Transactional UX design is key to PayPal’s success. PayPal is a globally recognised payments facilitator with a presence in 193 countries and it continues to develop new tools for both customers and merchants.
In 2011, PayPal hired me to focus upon the transactional UX design of their highly anticipated credit products. In particular, my work focused upon “PayPal Instalments”.
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- Localisation (Americas, EMEA)
- User Journeys
- Concept development
The transactional UX project was a particular highlight for me due to the breadth of what originally appeared to be a very simple proposal, that of paying for large items in instalments. Whilst conceptually easy to grasp, the complexities came in it’s presentation and localisation. As a result, I worked closely with Product Management, Marketing, Content and Legal teams in order to ensure a fully compliant product offering.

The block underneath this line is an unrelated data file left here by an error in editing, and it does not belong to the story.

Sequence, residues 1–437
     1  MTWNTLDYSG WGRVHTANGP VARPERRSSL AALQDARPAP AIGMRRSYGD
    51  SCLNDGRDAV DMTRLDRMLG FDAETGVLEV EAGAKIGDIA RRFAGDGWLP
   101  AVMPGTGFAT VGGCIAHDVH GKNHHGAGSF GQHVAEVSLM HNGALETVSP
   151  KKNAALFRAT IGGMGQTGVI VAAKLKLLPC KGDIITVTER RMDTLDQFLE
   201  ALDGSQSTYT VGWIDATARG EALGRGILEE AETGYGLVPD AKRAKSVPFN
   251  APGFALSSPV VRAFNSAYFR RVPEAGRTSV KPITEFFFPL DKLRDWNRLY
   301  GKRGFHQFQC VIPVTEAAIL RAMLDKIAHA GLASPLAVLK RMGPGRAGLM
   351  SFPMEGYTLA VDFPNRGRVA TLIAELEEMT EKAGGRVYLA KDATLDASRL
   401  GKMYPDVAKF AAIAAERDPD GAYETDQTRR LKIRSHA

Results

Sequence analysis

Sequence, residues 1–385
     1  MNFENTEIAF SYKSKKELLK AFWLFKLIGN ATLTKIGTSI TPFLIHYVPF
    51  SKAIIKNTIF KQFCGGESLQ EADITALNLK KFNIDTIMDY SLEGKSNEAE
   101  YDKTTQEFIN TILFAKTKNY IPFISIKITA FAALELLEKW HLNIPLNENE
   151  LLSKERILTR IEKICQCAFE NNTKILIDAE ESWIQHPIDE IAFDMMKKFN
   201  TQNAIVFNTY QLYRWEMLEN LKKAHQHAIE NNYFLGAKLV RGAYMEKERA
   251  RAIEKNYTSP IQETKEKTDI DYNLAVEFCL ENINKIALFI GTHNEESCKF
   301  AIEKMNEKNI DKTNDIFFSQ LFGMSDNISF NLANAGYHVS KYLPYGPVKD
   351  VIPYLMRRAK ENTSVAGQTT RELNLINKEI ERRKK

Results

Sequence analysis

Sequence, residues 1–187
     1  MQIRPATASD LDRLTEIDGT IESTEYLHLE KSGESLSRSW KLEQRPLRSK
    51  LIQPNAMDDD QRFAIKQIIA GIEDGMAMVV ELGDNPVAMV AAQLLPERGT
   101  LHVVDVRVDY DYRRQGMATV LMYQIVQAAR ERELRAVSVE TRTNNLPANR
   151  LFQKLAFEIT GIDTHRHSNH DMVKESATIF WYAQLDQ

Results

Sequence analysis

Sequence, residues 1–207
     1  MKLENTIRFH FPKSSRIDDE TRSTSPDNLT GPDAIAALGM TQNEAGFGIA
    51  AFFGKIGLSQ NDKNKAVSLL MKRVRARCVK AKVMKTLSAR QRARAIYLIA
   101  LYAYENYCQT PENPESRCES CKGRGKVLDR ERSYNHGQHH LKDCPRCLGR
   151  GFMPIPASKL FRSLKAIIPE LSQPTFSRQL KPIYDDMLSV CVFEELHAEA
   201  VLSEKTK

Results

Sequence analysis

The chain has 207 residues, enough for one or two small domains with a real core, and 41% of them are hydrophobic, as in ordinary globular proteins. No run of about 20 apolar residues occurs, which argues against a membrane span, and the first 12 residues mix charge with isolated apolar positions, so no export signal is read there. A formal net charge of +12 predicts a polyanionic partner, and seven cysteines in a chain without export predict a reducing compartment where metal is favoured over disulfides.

The first step in ensuring the product met customer needs, merchant needs and legal requirements was to generate a robust set of user journeys. Each journey was analysed by team leads from across various EMEA regions to form a set of country specific requirements. A user journey framework was established from which localised ‘instalment application’ variants could be created. Finally, I validated each flow with legal and compliance teams from which they were able to provide me with the content specific requirements for each step in the instalment application process.
In parallel to much of the content focused iteration, I worked closely with US based UX design teams to formalise the overall design concept. PayPal has long established design patterns in use, so much of this work was to validate whether these patterns were fit for purpose. However, given that PayPal were also undertaking a site-wide redesign (launched in 2013), we were able to thoroughly update and iterate upon much of the design framework.
Finally, prior to validating my design through usability testing, I produced a number of prototypes using the Axure RP tool. Each prototype was used during user testing facilitated by PayPal’s global usability lead. Feedback was incorporated rapidly and iteratively into the design as subsequent usability test rounds were peformed.